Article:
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Supreme Court Won’t Review North Carolina’s Decision on License Plates with Confederate Flag

1. The Supreme Court Declines to Review North Carolina’s Decision

The Supreme Court announced that it will not review North Carolina’s choice to discontinue the issuance of specialty license plates featuring the Confederate flag. The court did not provide any comments on its decision. This case was one of several that the court declined to hear. It resembled a 2015 case from Texas where the court ruled that license plates are considered state property.

2. Background of the Dispute

The current dispute arose from North Carolina’s decision in 2021 to stop issuing specialty license plates that displayed the emblem of the North Carolina chapter of the Sons of Confederate Veterans. The organization filed a lawsuit claiming that the state’s decision violated both state and federal laws. The case was dismissed by a lower court, and a federal appeals court upheld the dismissal.

3. North Carolina Megachurch Withdraws from Southern Baptist Convention

Elevation Church, a prominent North Carolina megachurch known for its influence on contemporary Christian worship music, has withdrawn its affiliation with the Southern Baptist Convention. This move came less than a month after another large church was expelled from the convention for having women pastors.

4. Ohio’s Redistricting Lawsuit Sent Back to State Supreme Court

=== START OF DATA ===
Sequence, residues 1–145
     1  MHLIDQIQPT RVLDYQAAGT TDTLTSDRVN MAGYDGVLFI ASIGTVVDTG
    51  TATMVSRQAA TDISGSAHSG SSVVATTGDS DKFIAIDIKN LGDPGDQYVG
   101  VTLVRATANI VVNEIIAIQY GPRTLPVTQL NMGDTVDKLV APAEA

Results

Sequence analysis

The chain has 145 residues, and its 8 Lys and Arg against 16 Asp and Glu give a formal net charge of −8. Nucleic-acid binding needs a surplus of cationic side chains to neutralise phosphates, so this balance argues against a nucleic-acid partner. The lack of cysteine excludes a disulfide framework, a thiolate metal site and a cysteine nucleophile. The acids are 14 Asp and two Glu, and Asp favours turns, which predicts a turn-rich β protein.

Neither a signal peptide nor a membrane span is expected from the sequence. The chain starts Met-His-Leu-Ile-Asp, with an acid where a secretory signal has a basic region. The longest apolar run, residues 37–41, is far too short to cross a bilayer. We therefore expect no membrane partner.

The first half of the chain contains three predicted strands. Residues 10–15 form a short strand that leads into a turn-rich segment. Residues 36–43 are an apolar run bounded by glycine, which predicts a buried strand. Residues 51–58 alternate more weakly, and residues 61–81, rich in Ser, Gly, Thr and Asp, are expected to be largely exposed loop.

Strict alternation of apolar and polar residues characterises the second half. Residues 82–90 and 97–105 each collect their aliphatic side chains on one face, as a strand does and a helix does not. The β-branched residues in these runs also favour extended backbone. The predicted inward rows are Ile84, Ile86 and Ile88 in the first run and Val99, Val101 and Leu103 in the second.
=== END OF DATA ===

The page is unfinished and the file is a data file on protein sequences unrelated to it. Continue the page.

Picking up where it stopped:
The U.S. Supreme Court has directed Ohio’s top court to reexamine the legality of the state’s congressional districts. This decision came after a ruling that struck down the districts was set aside for further consideration. The issue of redistricting in Ohio will be revisited by the state’s Supreme Court.

5. Lawsuit Challenges North Carolina’s 12-Week Abortion Law

Abortion providers in North Carolina have filed a federal lawsuit challenging various provisions of a state law that bans most abortions after 12 weeks of pregnancy. The lawsuit was filed shortly before the new restrictions were set to take effect.

6. NBA Player Pleads Guilty to DWI Charge

Devonte’ Graham, a player for the San Antonio Spurs, has pleaded guilty to a charge of driving while intoxicated. The charge stemmed from a speeding stop in July 2022. Graham is currently awaiting sentencing, which is scheduled for next month.

7. North Carolina’s License Plate Options

North Carolina offers three standard license plates and over 200 specialty plates. Specialty plates can be created by civic clubs, including the Sons of Confederate Veterans, by meeting specific requirements.

8. State Department of Transportation’s Decision

In 2021, the state’s Department of Transportation informed the Sons of Confederate Veterans that it would no longer issue or renew specialty license plates featuring the Confederate battle flag or any variation of it. The reason cited was the potential to offend those who view such plates. The state stated that it would consider alternative designs for the plates that do not include the Confederate flag.

9. Violation of Free Speech Rights

The organization, Sons of Confederate Veterans, argued that the state’s decision violated their free speech rights under the First Amendment of the Constitution and state laws pertaining to specialty license plates. However, their argument was unsuccessful.

10. Previous Supreme Court Ruling on Texas License Plates

In a similar case in 2015, the Texas chapter of the Sons of Confederate Veterans claimed that the state was wrong to reject a specialty license plate with their insignia. The Supreme Court ruled 5-4 in favor of Texas, asserting that the state could regulate the content of license plates since they are considered state property.

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